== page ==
Academy to Referee Climate-Change Fight
Scientists' Group Agrees To Congressional Request to Study Temperature-History Charting
By ANTONIO REGALADO, The Wall Street Journal, Feb. 10,2006
Seeking to resolve a scientific dispute that has taken on a rancorous political edge, the National Academy of Sciences said it had agreed to a request from Congress to assess how well researchers understand the history of temperatures on earth.
The study by the academy, an independent advisory body based in Washington, will focus on the "hockey stick," a chart of past temperatures that critics say is inaccurate. The graph gets its name because of the sudden, blade-like rise of recent temperatures compared with past epochs.
The controversy took a sharp political turn in July when Rep. Joe Barton (R., Texas), head of the House Energy and Commerce Committee, launched a probe into the work of three climate specialists who generated the graph, including Michael Mann, now a professor at Pennsylvania State University.
Mr. Barton's inquiry drew a rebuke from several scientific societies as well as fellow Republican Sherwood Boehlert of New York, chairman of the House Committee on Science, who called it a blatant effort to intimidate global-warming researchers.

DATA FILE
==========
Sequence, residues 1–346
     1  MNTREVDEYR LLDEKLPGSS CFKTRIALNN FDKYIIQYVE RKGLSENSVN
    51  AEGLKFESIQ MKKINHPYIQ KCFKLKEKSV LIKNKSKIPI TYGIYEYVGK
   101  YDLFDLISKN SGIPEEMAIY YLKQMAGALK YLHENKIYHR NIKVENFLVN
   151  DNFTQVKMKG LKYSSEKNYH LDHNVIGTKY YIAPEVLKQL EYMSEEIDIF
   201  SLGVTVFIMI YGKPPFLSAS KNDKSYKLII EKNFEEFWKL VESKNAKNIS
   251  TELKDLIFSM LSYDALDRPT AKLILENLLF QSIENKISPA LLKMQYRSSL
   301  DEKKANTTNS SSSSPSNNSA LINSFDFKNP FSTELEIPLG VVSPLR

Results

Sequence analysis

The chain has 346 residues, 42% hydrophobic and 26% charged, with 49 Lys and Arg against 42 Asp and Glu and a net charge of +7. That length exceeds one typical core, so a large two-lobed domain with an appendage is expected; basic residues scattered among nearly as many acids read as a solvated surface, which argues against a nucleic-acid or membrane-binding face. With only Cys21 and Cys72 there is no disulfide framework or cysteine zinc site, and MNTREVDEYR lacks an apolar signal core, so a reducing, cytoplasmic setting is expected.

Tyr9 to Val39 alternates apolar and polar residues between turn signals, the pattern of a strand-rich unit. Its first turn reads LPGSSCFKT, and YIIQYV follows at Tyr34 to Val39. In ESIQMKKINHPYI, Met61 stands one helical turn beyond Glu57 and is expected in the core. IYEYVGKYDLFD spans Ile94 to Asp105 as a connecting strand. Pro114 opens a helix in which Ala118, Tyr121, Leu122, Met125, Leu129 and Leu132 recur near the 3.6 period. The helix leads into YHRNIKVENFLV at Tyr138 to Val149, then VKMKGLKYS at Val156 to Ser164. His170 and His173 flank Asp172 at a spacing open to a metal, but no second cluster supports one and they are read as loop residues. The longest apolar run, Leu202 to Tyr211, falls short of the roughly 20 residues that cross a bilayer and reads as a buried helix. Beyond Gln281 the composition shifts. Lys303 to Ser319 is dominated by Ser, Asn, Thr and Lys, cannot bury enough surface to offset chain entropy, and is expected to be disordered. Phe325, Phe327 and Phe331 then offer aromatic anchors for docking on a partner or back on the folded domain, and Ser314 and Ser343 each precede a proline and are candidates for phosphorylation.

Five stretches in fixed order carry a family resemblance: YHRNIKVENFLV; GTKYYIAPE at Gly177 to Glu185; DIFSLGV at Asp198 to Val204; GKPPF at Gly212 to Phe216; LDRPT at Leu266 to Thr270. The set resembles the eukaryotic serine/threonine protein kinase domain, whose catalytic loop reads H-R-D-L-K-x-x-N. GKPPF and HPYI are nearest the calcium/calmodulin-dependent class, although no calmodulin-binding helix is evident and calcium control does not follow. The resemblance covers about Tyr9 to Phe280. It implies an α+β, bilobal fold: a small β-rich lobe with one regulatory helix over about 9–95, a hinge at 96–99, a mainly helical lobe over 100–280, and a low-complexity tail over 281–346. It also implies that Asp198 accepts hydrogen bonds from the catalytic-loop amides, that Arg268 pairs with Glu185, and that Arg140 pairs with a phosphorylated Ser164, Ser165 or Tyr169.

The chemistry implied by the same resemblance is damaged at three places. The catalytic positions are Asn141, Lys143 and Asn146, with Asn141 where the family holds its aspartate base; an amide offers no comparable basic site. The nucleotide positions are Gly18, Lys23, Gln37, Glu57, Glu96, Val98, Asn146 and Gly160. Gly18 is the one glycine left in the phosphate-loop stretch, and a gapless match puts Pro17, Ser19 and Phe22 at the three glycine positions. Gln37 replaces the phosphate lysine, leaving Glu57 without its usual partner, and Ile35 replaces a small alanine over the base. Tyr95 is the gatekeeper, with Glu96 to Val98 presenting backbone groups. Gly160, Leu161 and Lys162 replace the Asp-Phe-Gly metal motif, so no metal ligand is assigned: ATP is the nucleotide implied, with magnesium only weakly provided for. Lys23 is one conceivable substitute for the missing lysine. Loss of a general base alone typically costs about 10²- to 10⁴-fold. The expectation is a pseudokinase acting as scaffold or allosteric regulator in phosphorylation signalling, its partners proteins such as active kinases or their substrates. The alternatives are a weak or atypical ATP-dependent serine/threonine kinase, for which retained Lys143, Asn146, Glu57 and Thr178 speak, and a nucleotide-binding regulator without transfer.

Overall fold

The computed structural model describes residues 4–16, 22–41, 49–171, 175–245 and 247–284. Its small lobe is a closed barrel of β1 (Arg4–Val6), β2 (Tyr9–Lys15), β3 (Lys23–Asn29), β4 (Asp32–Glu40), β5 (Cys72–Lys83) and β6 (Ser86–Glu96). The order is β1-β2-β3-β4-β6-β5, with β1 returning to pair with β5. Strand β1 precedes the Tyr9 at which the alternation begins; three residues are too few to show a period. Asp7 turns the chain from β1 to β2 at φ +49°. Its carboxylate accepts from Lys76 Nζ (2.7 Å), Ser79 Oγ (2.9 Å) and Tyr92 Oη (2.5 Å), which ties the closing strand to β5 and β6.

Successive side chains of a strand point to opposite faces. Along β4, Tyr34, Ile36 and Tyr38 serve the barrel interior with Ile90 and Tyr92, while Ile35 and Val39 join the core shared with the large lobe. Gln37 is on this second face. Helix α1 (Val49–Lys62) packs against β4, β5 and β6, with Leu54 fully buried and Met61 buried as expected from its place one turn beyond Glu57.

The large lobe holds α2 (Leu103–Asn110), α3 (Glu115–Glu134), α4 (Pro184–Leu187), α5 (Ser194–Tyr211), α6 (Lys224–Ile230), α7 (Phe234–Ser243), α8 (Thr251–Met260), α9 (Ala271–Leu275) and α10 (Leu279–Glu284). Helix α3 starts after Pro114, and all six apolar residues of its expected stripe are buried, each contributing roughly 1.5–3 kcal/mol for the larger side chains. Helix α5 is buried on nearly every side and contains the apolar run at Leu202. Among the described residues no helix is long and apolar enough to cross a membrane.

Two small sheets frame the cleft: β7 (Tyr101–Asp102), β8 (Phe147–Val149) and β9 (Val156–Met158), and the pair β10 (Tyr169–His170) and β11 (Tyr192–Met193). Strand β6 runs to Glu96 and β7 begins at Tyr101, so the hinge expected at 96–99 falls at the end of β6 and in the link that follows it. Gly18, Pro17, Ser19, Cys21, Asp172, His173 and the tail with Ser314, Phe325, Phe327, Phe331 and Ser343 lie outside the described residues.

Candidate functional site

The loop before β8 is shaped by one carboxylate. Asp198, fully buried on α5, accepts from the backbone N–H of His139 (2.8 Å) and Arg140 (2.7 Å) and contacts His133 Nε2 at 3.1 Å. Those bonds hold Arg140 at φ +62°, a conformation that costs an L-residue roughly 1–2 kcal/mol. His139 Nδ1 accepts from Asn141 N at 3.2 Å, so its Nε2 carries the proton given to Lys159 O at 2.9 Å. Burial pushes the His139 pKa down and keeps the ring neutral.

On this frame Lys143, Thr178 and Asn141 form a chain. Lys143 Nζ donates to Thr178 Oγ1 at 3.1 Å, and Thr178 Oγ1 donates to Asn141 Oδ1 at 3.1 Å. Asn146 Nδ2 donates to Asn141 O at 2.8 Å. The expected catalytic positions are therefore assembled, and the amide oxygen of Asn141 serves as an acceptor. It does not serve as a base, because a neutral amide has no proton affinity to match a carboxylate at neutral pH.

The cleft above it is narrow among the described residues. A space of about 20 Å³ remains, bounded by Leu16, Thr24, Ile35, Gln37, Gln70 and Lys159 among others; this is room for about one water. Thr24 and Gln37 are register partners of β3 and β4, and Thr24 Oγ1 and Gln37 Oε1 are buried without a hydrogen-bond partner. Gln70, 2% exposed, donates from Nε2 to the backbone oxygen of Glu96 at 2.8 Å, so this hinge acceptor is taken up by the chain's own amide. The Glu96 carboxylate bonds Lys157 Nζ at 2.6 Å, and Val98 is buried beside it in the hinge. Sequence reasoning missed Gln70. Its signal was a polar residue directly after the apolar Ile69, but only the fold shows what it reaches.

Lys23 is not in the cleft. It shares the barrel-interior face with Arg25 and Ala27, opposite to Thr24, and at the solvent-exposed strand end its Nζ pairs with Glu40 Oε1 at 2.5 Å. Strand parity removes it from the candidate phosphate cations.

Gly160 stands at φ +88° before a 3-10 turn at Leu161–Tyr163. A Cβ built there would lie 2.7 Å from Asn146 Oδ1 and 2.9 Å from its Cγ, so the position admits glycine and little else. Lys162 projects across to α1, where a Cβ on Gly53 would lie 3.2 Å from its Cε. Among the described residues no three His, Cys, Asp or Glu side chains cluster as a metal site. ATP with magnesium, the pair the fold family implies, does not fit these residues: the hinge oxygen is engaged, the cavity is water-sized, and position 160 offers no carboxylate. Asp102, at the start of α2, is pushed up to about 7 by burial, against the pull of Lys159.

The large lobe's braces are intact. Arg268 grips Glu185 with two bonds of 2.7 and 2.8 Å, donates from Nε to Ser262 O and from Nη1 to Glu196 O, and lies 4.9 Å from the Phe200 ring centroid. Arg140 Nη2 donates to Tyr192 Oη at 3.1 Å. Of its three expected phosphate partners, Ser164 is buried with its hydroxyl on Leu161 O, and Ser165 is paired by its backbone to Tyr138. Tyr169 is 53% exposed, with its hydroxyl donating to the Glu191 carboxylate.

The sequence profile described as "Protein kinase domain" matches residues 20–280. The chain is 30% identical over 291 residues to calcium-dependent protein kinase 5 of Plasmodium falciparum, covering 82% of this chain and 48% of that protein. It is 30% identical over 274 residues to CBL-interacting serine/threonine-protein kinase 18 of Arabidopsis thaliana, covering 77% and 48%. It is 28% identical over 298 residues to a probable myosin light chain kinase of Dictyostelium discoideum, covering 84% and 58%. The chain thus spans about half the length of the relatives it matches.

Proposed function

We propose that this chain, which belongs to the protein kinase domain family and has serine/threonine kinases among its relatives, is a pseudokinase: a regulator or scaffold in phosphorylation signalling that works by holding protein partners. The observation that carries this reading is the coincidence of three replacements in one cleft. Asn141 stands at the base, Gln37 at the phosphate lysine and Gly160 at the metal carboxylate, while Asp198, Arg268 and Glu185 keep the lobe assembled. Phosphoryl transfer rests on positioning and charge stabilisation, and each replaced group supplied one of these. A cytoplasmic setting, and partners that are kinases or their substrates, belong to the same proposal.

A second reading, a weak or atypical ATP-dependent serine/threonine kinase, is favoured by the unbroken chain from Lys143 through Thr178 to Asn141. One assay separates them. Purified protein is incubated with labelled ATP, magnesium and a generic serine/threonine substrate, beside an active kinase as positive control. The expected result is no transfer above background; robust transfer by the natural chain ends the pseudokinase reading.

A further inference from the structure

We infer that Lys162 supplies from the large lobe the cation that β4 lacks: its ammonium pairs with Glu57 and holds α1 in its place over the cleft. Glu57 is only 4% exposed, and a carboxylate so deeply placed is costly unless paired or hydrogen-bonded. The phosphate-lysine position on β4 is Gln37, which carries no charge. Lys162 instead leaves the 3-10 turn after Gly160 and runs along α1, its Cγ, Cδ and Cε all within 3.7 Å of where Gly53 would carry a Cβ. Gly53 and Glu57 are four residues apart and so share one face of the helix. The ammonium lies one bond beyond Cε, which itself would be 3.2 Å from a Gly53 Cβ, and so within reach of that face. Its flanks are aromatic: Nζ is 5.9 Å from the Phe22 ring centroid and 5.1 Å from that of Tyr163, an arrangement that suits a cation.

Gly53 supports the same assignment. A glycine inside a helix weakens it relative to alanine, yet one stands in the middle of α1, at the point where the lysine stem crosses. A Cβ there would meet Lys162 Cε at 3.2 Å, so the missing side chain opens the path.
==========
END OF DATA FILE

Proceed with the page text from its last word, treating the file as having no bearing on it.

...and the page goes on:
After Mr. Barton didn't respond to an offer to jointly bring the issue to the National Academy, Mr. Boehlert independently asked for a review in November, science committee chief of staff David Goldston said. "It appeared that the issue was not going to go away by itself. We thought this was an appropriate way to get an assessment of the science," Mr. Goldston said in an interview.
Larry Neal, deputy staff director for Mr. Barton's committee, said in a statement that because "combating climate change is a breathtakingly expensive prospect," it deserved closer study, and that the academy was "unlikely" to address all of Mr. Barton's concerns.
Mr. Barton has already sought a separate analysis of the hockey stick led by statistician Edward Wegman of George Mason University, people familiar with the matter said. Dr. Wegman couldn't be reached yesterday.
An 11-member academy panel will now study the accuracy and importance of such research, in particular the work of Dr. Mann, whose hockey-stick graph was included in a report issued by the United Nations in 2001. An academy spokesman said the report would be completed in about four months.
Dr. Mann's critics, including two amateur Canadian climate researchers, say his work contains serious inaccuracies. Dr. Mann has denied that, but the debate has prompted several climate researchers to take a fresh look at temperature reconstructions.
While some recent publications have found fault with the hockey stick and similar studies, others have sought to rebut critics.
The debate comes as many scientists express growing alarm over the warming trend. The planet has warmed more than one degree over the past century, and recent heating is widely blamed on greenhouse gases emitted by the burning of coal, oil and natural gas.
More than 150 countries have ratified the Kyoto Protocol, an international agreement to slash gas emissions by 2012. The U.S. hasn't signed the treaty, which the Bush administration has said is ineffective and would slow economic growth.